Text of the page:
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In brief

In a set of coordinated statements, LIBOR’s administrator, LIBOR’s principal regulator and the principal US banking regulators announced plans that would extend the period during which panel USD LIBOR quotations would be made available until the end of June 2023.  This would effectively provide a period for legacy USD LIBOR transactions to use LIBOR quotations for certain tenors after 2 January 2022 (when LIBOR is expected to cease for other currencies).

 These announcements should be viewed as a stay of execution and not a commutation of sentence.  Clients should continue efforts to transition from LIBOR (including USD LIBOR) to alternative reference rates.

  1. These announcements likely represent a pragmatic approach to USD LIBOR transition, given the current state of such transition, rather than a significant change in position by regulators.
  2. The announcements by the US regulators include supervisory guidance encouraging banks to stop new USD LIBOR originations as soon as practicable and no later than the end of 2021.
  3. These announcements may be helpful for “tough legacy” USD LIBOR transactions, more of which may mature by their terms in the extended period than by the end of 2021.

In more detail

On 30 November 2020, LIBOR’s administrator, ICE Benchmark Administration Limited (“IBA”), LIBOR’s principal regulator, the UK Financial Conduct Authority (“FCA“), and the three principal US banking regulators, the Federal Reserve, the Office of the Comptroller of the Currency and the Federal Deposit Insurance Corporation issued a set of coordinated statements concerning US Dollar LIBOR.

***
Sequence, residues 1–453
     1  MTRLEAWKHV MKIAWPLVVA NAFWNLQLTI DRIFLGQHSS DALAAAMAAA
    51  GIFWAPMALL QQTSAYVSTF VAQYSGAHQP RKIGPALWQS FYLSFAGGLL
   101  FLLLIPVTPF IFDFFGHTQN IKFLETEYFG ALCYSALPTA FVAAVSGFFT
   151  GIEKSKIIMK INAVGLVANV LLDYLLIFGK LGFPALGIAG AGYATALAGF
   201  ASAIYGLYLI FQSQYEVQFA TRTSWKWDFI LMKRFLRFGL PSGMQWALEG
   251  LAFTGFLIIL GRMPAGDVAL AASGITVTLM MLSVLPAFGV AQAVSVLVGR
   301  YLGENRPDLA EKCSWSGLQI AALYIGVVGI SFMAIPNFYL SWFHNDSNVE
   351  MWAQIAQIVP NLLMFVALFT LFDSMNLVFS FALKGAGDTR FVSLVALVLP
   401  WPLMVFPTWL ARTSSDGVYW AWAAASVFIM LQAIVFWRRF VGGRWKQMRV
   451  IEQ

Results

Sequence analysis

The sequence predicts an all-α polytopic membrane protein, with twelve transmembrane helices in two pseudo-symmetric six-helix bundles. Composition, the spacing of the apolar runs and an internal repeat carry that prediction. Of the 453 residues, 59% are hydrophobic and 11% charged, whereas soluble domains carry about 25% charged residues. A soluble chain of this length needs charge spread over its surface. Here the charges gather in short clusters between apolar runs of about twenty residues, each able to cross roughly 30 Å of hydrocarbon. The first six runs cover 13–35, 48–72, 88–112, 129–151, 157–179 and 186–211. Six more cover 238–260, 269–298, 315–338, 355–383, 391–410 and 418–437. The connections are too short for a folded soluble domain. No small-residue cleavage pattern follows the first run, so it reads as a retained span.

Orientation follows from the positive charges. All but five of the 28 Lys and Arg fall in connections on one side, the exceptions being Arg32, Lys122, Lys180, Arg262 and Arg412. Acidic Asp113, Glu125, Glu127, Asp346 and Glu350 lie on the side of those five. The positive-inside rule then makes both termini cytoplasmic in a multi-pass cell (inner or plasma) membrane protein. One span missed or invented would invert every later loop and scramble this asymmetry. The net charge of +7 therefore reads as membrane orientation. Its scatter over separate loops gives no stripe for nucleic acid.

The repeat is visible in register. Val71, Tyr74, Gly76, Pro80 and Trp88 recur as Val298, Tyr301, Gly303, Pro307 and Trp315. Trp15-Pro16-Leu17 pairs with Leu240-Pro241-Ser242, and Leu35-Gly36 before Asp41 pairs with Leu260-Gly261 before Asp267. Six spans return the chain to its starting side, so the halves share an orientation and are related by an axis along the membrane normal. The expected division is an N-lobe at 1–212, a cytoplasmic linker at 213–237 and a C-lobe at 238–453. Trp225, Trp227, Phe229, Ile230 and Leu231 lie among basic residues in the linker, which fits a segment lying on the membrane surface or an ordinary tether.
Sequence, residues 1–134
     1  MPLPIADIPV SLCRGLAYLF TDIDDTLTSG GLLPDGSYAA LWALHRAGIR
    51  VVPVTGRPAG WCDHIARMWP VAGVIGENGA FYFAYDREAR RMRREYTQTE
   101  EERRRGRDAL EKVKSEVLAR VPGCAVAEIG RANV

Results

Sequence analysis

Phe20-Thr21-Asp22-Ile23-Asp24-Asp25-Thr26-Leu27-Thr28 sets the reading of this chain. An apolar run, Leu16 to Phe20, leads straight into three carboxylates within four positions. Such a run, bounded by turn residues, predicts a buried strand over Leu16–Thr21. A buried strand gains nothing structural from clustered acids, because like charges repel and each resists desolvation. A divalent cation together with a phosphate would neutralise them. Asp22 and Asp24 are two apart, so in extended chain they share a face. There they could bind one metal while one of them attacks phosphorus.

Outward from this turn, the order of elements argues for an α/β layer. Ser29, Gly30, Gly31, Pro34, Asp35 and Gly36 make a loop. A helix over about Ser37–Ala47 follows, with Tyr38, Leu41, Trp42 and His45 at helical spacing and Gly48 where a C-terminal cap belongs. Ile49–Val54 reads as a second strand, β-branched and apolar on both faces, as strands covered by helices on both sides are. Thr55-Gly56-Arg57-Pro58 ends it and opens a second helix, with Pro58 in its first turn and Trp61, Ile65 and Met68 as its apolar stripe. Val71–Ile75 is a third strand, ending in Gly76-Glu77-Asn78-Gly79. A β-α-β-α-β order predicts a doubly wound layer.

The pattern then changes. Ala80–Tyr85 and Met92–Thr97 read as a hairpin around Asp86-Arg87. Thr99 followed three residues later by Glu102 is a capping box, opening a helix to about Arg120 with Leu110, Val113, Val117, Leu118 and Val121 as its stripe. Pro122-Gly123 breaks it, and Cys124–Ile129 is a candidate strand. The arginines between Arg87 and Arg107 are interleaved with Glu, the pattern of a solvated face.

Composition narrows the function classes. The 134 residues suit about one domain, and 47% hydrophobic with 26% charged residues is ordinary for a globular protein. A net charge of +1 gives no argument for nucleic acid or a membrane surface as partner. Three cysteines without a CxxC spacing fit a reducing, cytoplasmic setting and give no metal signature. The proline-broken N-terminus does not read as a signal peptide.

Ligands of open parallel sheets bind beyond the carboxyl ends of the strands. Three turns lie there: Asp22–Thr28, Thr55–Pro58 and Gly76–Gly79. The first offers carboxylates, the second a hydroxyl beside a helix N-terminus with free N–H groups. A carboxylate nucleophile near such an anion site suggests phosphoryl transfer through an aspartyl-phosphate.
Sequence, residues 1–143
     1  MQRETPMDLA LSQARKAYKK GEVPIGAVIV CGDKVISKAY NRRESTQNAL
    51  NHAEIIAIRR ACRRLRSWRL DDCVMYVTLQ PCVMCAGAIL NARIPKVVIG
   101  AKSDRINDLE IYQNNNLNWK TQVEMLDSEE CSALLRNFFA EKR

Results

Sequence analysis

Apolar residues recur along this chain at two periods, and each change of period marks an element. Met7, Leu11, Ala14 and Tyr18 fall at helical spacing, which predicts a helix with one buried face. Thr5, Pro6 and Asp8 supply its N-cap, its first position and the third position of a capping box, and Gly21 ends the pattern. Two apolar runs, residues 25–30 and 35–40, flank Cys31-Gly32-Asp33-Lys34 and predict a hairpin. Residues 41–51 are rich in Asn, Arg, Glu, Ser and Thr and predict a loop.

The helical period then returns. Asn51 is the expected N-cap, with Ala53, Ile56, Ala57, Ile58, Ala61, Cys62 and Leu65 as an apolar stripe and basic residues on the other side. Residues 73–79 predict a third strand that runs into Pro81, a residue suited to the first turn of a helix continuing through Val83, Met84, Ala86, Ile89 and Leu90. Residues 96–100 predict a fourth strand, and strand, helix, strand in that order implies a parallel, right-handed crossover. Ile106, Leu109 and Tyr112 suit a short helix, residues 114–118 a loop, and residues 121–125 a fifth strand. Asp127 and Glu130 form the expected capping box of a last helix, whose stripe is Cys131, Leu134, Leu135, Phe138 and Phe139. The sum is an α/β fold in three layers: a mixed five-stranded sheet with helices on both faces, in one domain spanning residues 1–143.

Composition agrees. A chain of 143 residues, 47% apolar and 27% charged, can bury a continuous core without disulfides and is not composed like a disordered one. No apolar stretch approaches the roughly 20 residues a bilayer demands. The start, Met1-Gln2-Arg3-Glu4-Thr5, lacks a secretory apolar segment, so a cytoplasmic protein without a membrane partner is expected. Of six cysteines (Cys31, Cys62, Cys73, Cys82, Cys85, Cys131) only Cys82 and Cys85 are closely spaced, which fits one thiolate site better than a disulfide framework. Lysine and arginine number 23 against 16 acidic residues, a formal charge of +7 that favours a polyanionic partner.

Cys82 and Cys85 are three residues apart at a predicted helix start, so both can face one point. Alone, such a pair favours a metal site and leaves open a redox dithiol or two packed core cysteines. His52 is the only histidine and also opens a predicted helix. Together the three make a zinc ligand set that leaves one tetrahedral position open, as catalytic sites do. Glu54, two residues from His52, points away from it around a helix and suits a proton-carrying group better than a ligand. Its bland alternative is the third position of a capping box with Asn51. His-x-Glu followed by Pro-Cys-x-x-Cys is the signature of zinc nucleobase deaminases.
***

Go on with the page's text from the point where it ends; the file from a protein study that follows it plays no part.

IBA announced that it will consult in early December on its intention to cease the publication of the one week and two month USD LIBOR settings immediately following the LIBOR publication on 31 December 2021, and the remaining USD LIBOR settings immediately following the LIBOR publication on 30 June 2023.

In response to the IBA’s announcement, the FCA issued a statement supporting the IBA’s announcement, and stating that the FCA had had discussions with the USD LIBOR panel banks for such banks to continue submitting USD LIBOR quotations through the end of June 2023.

The US banking regulators issued a statement in which they expressed the view that “[e]xtending the publication of certain USD LIBOR tenors until June 30, 2023 would allow most legacy USD LIBOR contracts to mature before LIBOR experiences disruptions.”  The US banking regulators stated that they believed entering into new contracts that use USD LIBOR as a reference rate after 31 December 2021 would create safety and soundness risks and that they would examine bank practices accordingly.  The US banking regulators also (i) encouraged banks to cease entering into new contracts that use USD LIBOR as a reference rate “as soon as practicable and in any event by December 31, 2021” and (ii) stated that new contracts entered into before 31 December 2021 should either utilize a reference rate other than LIBOR or have robust fallback language that includes a clearly defined alternative reference rate after LIBOR’s cessation.